- Avoid fast-paced programs (young children do not understand them as well), apps with lots of distracting content, and any violent content.
- Turn off televisions and other devices when not in use.
- Avoid using media as the only way to calm your child. Although there are intermittent times (eg, medical procedures, airplane flights) when media is useful as a soothing strategy, there is concern that using media as a strategy to calm could lead to problems with limit setting or the inability of children to develop their own emotion regulation.
- Place consistent limits on hours per day of media use as well as types of media used.
- Promote that children and adolescents get the recommended amount of daily physical activity (1 hour) and adequate sleep (8–12 hours, depending on age).
- Discourage entertainment media while doing homework.
- Have ongoing communication with children about online citizenship and safety, including treating others with respect online and offline, avoiding cyberbullying and sexting, being wary of online solicitation, and avoiding communications that can compromise personal privacy and safety (I wrote about this last year).
- Recommend that children not sleep with devices in their bedrooms, including TVs, computers, and smartphones. Avoid exposure to devices or screens for 1 hour before bedtime.
- Designate media-free times together (eg, family dinner) and media-free locations (eg, bedrooms) in homes. Parents can set a “do not disturb” option on their phones during these times. Promote activities that are likely to facilitate development and health, including positive parenting activities, such as reading, teaching, talking, and playing together.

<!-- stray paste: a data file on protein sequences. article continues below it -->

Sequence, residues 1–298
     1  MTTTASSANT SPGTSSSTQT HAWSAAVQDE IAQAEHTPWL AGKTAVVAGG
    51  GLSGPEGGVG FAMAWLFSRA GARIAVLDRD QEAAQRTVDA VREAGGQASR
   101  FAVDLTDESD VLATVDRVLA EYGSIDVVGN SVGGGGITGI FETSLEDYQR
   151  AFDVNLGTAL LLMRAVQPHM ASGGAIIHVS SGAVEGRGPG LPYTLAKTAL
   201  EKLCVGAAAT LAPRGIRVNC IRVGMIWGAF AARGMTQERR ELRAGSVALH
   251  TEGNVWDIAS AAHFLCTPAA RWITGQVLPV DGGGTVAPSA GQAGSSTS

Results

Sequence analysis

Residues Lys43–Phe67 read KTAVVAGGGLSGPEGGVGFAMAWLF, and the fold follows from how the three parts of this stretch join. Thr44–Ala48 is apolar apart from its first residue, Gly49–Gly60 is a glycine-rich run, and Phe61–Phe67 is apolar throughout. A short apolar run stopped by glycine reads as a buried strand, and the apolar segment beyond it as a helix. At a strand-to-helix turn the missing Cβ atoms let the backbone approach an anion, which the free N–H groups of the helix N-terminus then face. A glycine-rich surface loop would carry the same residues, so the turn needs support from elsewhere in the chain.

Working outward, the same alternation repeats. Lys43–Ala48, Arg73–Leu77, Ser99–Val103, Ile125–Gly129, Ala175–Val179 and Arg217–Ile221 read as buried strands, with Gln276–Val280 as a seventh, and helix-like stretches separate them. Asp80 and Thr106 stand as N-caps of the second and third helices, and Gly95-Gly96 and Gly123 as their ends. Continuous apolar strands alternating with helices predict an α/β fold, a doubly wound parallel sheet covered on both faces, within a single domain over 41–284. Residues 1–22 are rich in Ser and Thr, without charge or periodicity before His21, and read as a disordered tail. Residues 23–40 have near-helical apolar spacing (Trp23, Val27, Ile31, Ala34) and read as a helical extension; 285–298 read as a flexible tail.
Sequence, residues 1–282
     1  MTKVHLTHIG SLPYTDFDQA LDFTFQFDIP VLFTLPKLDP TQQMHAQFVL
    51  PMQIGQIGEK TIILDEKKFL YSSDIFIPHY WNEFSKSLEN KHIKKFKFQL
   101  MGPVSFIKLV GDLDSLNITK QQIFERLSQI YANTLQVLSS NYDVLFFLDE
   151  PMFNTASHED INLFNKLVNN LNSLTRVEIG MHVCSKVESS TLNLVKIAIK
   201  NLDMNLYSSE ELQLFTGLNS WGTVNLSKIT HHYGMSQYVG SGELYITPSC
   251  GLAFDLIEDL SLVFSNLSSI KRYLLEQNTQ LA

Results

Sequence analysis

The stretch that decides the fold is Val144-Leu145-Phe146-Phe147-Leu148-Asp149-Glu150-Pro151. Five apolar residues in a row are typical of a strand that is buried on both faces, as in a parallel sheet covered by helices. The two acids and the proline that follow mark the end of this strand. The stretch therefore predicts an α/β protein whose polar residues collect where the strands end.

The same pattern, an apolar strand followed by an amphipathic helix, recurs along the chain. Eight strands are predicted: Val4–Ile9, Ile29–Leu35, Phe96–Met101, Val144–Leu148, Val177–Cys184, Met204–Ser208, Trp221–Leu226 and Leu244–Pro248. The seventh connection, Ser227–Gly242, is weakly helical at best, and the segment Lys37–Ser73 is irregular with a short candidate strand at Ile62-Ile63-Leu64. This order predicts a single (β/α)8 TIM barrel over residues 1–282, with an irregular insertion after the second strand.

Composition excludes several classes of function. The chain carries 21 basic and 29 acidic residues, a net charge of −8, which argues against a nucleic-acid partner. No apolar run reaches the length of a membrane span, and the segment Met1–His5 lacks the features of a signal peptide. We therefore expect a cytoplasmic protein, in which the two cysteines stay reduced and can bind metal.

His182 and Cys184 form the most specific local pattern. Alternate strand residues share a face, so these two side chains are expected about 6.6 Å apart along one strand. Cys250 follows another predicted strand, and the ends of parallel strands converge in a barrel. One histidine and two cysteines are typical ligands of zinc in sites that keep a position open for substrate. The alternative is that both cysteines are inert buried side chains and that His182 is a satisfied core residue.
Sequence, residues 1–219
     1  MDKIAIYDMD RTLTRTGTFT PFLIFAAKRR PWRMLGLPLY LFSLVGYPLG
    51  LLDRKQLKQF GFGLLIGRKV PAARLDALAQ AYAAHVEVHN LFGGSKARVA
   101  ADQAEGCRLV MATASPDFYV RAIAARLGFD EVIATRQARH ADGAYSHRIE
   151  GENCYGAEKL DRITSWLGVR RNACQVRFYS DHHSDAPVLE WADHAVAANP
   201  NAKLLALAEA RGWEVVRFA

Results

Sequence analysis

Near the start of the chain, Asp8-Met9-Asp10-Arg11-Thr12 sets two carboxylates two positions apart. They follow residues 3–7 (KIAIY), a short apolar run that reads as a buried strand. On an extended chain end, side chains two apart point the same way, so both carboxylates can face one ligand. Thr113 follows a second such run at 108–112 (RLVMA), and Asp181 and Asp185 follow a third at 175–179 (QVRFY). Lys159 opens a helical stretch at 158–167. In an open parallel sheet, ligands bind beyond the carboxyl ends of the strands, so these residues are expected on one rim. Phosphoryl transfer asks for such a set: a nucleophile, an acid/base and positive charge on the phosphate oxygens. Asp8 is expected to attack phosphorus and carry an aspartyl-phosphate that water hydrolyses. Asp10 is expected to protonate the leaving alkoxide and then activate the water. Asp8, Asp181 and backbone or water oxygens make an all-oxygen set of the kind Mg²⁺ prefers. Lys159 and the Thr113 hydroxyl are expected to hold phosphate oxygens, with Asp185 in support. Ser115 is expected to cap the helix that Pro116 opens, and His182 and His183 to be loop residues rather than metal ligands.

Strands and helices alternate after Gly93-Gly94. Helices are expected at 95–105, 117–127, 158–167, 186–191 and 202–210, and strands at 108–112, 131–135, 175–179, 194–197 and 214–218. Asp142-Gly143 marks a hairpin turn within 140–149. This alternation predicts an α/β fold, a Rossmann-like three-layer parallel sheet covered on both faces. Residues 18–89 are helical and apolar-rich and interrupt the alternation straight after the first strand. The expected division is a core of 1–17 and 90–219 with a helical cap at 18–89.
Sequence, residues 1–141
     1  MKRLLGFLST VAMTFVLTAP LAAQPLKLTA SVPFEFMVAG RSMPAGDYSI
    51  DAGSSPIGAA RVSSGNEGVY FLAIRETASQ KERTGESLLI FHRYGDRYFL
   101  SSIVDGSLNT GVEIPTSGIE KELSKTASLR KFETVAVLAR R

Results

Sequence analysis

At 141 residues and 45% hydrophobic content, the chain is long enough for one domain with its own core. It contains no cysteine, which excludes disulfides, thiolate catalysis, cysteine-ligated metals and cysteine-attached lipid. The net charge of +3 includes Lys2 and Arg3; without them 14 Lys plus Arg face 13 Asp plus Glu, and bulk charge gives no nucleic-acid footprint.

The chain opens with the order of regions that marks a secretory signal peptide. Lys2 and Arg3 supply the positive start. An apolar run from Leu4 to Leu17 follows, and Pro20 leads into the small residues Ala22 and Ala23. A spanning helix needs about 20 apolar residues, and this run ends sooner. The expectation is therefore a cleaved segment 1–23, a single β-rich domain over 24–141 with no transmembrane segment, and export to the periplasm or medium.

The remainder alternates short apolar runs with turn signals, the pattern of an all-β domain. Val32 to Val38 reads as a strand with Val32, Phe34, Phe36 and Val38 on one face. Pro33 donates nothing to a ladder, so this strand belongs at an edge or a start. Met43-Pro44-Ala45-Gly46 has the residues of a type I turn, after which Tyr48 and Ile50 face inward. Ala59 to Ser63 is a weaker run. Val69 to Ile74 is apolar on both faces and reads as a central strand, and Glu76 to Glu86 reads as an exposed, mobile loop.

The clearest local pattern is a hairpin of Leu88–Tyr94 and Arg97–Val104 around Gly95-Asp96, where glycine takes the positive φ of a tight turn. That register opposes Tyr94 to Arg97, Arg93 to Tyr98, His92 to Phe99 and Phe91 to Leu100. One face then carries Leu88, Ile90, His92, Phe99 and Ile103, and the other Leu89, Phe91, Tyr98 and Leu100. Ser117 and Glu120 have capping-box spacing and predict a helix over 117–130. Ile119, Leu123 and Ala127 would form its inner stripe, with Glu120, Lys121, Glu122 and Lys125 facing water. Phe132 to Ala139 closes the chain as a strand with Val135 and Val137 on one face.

- Monitor children’s media content and what apps are used or downloaded. Test apps before the child uses them, play together, and ask the child what he or she thinks about the app.
- Keep bedrooms, mealtimes, and parent–child playtimes screen free for children and parents. Parents can set a “do not disturb” option on their phones during these times.
In short, all media isn’t created equal. As kids get older, there isn’t a set amount of media time that is good or bad; rather, we should focus on the quality of the content, its level of engagement, and the opportunity for interaction and learning. Both parents and teachers need to be media mentors who not only pay attention to their own habits, but teach children how to use technology in a healthy and ethical way. The other big takeaway is the need to find balance between family experiences that require technology and those that don’t. One helpful tool the AAP developed for this is the Family Media Use Plan. I like it because it’s customizable. It provides you a framework but it allows you to add categories and differentiate for different family members. It allows you to share that there might be things that you would allow your 13-year old to do that you wouldn’t for your 6-year.
In closing, know that while much of this blog focused on parents, we at the school are partners with you on this journey. In addition to our classroom teachers, many of you know Jon Pennington, our Technology Integration Specialist. Jon works with our teachers and students to support students’ development in digital citizenship. Jon’s support is one reason why Assets is a Common Sense certified school.
About the Author
Ryan Masa is the K-8 Principal at Assets School in Honolulu, Hawaii